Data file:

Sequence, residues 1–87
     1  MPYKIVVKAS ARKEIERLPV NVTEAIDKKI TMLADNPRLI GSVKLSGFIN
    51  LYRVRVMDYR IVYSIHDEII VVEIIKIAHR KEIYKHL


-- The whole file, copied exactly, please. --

Sequence, residues 1–87
     1  MPYKIVVKAS ARKEIERLPV NVTEAIDKKI TMLADNPRLI GSVKLSGFIN
    51  LYRVRVMDYR IVYSIHDEII VVEIIKIAHR KEIYKHL